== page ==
With any kind of online marketplace comes individuals looking to scam others, either on the buy or sell side of things. While we do everything in our power to prevent scammers on our platform, we cannot guarantee that they don’t exist. Given this reality, we’ve created this page to help you avoid the scammers and instead enjoy a fun and safe buying and selling experience.
If you're looking to buy, here are some things to note . . .
- Pay attention to the words the seller is using to describe the bike. If the posting lacks specifics and it seems the seller is trying to hide something, be suspicious. Check the seller’s feedback. Does the seller have similar sketchy listings? If so, report this to us so we can also take a look.
- When buying a bike, ask questions. If the answers you are getting from the seller are evasive or don’t make sense based on the posted description, you might be dealing with a seller who is trying to make a quick buck by selling you a stolen bike. Genuine sellers have no problem answering any questions you may have about the bike – questions like “When did you buy the bike?” or “Where did you buy the bike?” or “When was the last repair and what was broken?”
- Every bike has a serial number, located on the bottom of the frame. If this serial number has been scratched off or is missing, it might be because the bike is stolen and the seller does not want you to look up the serial number on an online registry of stolen bikes, like that of bikeindex.org. Ask for pictures of the serial number to be sure it’s not made up.
- If a bike has a new spray paint job, be suspicious. Thieves will often spray paint bikes to conceal the make and model of the bike so that it’s more difficult for the rightful owner to track it down. Ask for close-up pictures of spots on the bike where two parts of the frame meet. If the area is usually bumpy, there’s a chance it was stolen and spray painted.
- Gather a description of the bike, both from the listing on the market and from the seller, and do some research online. Sometimes a simple Google search can reveal someone looking for their stolen bike that happens to be the one you’re about to buy.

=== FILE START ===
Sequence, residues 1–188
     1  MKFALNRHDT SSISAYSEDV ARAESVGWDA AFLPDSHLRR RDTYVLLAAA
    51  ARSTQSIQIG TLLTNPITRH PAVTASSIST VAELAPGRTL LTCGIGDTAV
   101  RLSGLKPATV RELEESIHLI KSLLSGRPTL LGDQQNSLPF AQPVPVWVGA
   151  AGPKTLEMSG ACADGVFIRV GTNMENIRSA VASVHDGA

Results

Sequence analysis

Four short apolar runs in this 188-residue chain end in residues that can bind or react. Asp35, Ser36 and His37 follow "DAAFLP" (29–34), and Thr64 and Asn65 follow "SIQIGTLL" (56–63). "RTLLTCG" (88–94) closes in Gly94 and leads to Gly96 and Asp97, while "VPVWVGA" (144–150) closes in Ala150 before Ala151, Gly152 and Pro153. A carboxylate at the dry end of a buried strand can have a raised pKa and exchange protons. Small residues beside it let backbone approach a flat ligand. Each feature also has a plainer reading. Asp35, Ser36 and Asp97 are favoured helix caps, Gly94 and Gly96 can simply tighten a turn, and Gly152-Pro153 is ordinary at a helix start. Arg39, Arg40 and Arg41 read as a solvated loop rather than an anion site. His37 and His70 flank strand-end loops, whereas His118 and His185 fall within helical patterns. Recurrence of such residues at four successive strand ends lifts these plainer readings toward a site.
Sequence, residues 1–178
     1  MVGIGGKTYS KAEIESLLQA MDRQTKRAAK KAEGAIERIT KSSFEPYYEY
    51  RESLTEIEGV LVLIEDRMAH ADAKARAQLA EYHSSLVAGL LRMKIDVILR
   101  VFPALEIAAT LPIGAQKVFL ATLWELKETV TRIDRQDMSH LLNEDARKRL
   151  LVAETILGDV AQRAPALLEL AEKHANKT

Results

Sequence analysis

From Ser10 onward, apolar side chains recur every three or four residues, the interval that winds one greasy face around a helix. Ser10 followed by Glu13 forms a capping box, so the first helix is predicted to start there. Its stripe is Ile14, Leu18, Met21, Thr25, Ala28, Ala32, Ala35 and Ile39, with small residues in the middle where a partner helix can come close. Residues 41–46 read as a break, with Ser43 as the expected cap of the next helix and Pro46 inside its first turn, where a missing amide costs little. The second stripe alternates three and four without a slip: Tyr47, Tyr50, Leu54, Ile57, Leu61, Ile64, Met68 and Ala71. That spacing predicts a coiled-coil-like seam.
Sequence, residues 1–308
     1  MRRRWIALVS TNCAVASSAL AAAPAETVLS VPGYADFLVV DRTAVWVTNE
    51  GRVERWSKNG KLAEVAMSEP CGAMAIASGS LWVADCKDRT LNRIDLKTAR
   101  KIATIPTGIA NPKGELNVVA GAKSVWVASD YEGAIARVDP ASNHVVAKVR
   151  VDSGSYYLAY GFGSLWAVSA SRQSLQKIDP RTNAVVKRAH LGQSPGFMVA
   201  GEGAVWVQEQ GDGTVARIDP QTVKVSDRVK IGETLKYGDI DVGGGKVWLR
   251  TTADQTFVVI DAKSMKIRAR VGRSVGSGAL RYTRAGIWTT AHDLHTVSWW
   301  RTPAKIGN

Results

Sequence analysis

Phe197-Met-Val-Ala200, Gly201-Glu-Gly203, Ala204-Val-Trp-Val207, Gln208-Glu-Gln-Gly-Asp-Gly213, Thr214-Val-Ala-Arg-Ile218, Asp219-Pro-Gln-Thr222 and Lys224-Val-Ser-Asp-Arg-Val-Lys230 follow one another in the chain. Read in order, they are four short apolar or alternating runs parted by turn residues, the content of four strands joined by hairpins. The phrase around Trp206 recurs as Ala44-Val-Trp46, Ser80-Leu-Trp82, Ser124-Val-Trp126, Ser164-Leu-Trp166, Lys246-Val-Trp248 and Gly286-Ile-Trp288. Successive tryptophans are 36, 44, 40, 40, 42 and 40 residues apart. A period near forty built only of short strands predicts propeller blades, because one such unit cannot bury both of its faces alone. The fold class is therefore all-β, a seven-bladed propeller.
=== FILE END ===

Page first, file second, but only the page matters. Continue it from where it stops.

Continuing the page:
- Photo clarity. The photos should be clear and you should be able to easily see the brand as well as any other markings on the bike. If the picture quality is low, it’s possible that the bike is stolen and the seller is trying to throw off the scent of the victim.
- While oftentimes just an honest mistake, misspellings of brand names in listings can be a sign that a bicycle is stolen. Use this as one signal but don’t let it turn you away from a good deal if everything else checks out.
- Price. Is it too good to be true? If it’s way below a value you would expect it to be, you’ll want to really question the seller to understand why the price is what it is.
While this may seem like a lot of effort to purchase a bike, it’s worth it. Stolen bikes may be damaged and the police in your location can usually seize a stolen bike without reimbursing you. Keep an eye out for signs that your potential new bike may be stolen. Here at Secondhand Cycle, we do our best to ensure a fair and legitimate marketplace. By doing your own due diligence, you can help us keep thieves and scammers off the site.
Overall takeaways for avoiding scams
If something is too good to be true, it probably is. Put yourself in the shoes of the buyer or seller. If there is no benefit to you accepting their offer, then there is probably an ulterior motive at play.
Trust your intuition. If something feels off, it probably is. Always take a step back and read any buyer or seller messages for a second or third time before moving forward. Ask a friend or family member for a second opinion. If the buyer or seller is using demanding language, don’t allow yourself to be pushed into making a quick decision. If in doubt, contact us.
Use PayPal where possible. PayPal affords buyers and sellers with some protection that other payment methods do not have. If a transaction goes awry one way or another, you can raise a dispute directly with PayPal for a resolution.
Google can be your friend if you’re skeptical about a potential transaction. Search the seller’s username and perform a reverse image search on any photos posted to see if brings up any warning flags.
We hope you never get scammed. Using common sense and keeping an eye out for warning signs can go a long way to helping you avoid any unsavory sellers.